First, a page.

Afternoon at the Museum: Fundacion Sansó

We've been planning to go a museum since last month, but didn't get the time to do so. There were several choices in mind, and this newly opened Sansó museum in our neighborhood was the most convenient.  We don't know what to expect from this place, and not one of my friends have visited yet. In line with the boy's art subject, we are trying to get to know a few world-renowned artists.  He already read about the father of cubism, Pablo Picasso. This time, it's master Juvenal Sansó.

First, an obligatory shot by the self portrait of the artist, as featured on one wall near the entrance. The museum has two levels showcasing the personal collection of Sansó.  All works of art of not for sale.

We were the only ones there earlier and were met by the managing diretor, Ms. Gilda, who gave us a tour of the museum.  They didn't open the aircon for us so it became warm (maybe coz there's just me and the kids). 

I told the boy to listen to the stories about the artist, and the history behind his works so he can write a short essay about it.  The two became distracted and amused at the same time so I ended up being the "student" for the day.  It's safe to say the three of us enjoyed looking at all the artworks. 

I am not an art enthusiast, but I do appreciate different forms of art, and I love that Juvenal Sansó's works are so diverse. There were acrylic and watercolor paintings, photographs, pen and ink, etching and prints, costume design, a few sculptures, modern prints and patterns. A few award-winning paintings are featured as well, like this 1951 Art Association of the Philippines grand prize for his watercolor of an actual beggar in war-torn Manila, entitled "Incubus".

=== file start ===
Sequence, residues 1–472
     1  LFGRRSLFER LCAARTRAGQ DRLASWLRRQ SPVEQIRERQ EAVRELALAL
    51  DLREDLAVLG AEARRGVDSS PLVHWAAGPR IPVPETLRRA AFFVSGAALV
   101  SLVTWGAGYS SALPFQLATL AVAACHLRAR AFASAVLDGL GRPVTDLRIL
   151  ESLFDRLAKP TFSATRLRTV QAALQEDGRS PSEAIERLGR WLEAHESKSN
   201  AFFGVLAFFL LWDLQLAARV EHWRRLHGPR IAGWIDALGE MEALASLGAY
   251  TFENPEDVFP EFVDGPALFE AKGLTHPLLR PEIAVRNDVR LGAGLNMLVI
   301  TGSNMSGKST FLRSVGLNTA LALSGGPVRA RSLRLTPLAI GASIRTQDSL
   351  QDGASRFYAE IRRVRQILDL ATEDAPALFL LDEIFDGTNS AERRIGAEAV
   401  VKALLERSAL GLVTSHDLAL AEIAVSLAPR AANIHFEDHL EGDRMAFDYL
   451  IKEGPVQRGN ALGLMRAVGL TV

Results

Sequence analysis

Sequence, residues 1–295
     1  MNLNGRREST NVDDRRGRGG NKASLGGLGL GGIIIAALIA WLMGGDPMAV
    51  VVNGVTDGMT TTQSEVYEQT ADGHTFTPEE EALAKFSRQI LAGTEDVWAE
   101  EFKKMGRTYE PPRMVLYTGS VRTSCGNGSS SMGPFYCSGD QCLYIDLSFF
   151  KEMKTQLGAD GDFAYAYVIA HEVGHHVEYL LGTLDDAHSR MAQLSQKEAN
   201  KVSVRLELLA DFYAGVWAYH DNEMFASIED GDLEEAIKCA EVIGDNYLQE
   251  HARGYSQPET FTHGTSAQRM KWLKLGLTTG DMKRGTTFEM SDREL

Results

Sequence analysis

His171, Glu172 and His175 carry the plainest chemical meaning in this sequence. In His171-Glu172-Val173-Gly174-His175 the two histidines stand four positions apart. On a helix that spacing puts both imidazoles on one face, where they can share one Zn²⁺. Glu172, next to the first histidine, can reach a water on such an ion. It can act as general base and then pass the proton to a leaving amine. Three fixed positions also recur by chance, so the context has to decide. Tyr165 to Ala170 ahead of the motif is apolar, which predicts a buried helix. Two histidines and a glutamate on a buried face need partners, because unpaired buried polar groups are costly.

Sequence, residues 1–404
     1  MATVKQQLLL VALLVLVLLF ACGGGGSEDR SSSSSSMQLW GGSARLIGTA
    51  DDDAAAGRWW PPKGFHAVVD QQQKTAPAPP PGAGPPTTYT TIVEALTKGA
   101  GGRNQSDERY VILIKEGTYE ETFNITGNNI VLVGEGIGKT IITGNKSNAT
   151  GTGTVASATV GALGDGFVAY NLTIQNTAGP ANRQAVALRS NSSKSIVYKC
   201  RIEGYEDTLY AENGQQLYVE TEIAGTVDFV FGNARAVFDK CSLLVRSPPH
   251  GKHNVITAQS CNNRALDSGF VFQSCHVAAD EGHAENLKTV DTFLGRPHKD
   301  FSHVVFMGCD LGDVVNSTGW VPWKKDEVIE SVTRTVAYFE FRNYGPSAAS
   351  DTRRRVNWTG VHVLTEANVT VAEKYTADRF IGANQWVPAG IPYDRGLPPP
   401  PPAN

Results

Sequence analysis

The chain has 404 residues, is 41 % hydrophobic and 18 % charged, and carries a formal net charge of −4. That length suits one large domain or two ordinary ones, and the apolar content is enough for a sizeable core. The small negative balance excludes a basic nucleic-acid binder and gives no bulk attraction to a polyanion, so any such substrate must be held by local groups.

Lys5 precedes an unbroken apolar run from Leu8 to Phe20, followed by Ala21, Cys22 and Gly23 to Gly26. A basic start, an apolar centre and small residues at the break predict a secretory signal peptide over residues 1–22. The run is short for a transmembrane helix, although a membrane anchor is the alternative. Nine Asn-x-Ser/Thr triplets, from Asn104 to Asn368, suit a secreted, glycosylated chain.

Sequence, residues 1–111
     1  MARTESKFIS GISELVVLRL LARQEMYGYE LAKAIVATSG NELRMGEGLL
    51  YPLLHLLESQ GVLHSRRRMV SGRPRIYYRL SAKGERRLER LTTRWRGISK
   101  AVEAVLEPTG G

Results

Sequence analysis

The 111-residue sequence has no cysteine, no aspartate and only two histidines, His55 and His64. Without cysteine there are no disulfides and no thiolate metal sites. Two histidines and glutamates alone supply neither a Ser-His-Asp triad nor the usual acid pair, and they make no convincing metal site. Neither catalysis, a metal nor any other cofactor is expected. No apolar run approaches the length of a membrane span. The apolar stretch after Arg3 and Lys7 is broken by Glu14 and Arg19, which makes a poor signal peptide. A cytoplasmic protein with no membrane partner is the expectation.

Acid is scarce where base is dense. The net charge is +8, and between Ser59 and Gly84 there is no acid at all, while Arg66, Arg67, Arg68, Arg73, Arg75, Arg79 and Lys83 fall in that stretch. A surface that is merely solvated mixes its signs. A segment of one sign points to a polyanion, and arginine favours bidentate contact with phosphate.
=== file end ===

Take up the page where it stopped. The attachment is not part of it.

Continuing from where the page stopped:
Our tour began with works from the gifted young student in the 40's, moving to his "Black Period" paintings that reflected his traumatic experiences during World War II in the Philippines, to colorful creations during the decades spent in Paris and Brittany.  His best known creations are of flowers and landscapes.

The girl took this photo of the centerpiece painting on the second level.

I didn't bring my camera so my girl and I took some shots of our favorites with just my phone.

These pretty prints and patterns were used on designer fabrics during the 50s.

Abstract paintings on these tiny slides, and two of the most brightly colored works in his Modern Series.

Part of the Modern Series, but I didn't get the title of this one. It's our favorite! The bold colors of the sky with the moon is eye-catching. Arresting.

Sansó and his works for the opera. Sketches and final drawings of costumes and set designs were framed and on display.

Last stop is a gallery all about master Sansó.

Sansó Trivia:

  • Lived in Sta. Ana, Manila
  • He suffered severe injuries from a blast at their home
  • Deaf in one ear and shrapnels are still in his body from the blast
  • Studied art in UP, Paris, and Rome
  • Has blue eyes
  • Good friends with Henry Sy
  • Supports art scholars

Fundacion Sansó is also a good venue for events. The museum is spacious and has a patio at the back. A cafe beside the museum will soon open after Holy Week this April. Overall, it was a very pleasant and "artfully" enriching afternoon spent with the kids.

23 V. Cruz St. Bgy. Sta. Lucia, San Juan
(the street is at the corner of Petron on P. Guevarra st.)
Tel.:  (632) 5314626  /  9521568

Museum hours:  Monday to Saturday
10:00 am - 12:00 nn
2:00 pm - 5:00 pm

Admission:  P100 / person
Student = P80
Senior = P80 

Photo by:  Ms. Gilda Salita, Managing Director of Fundacion Sansó

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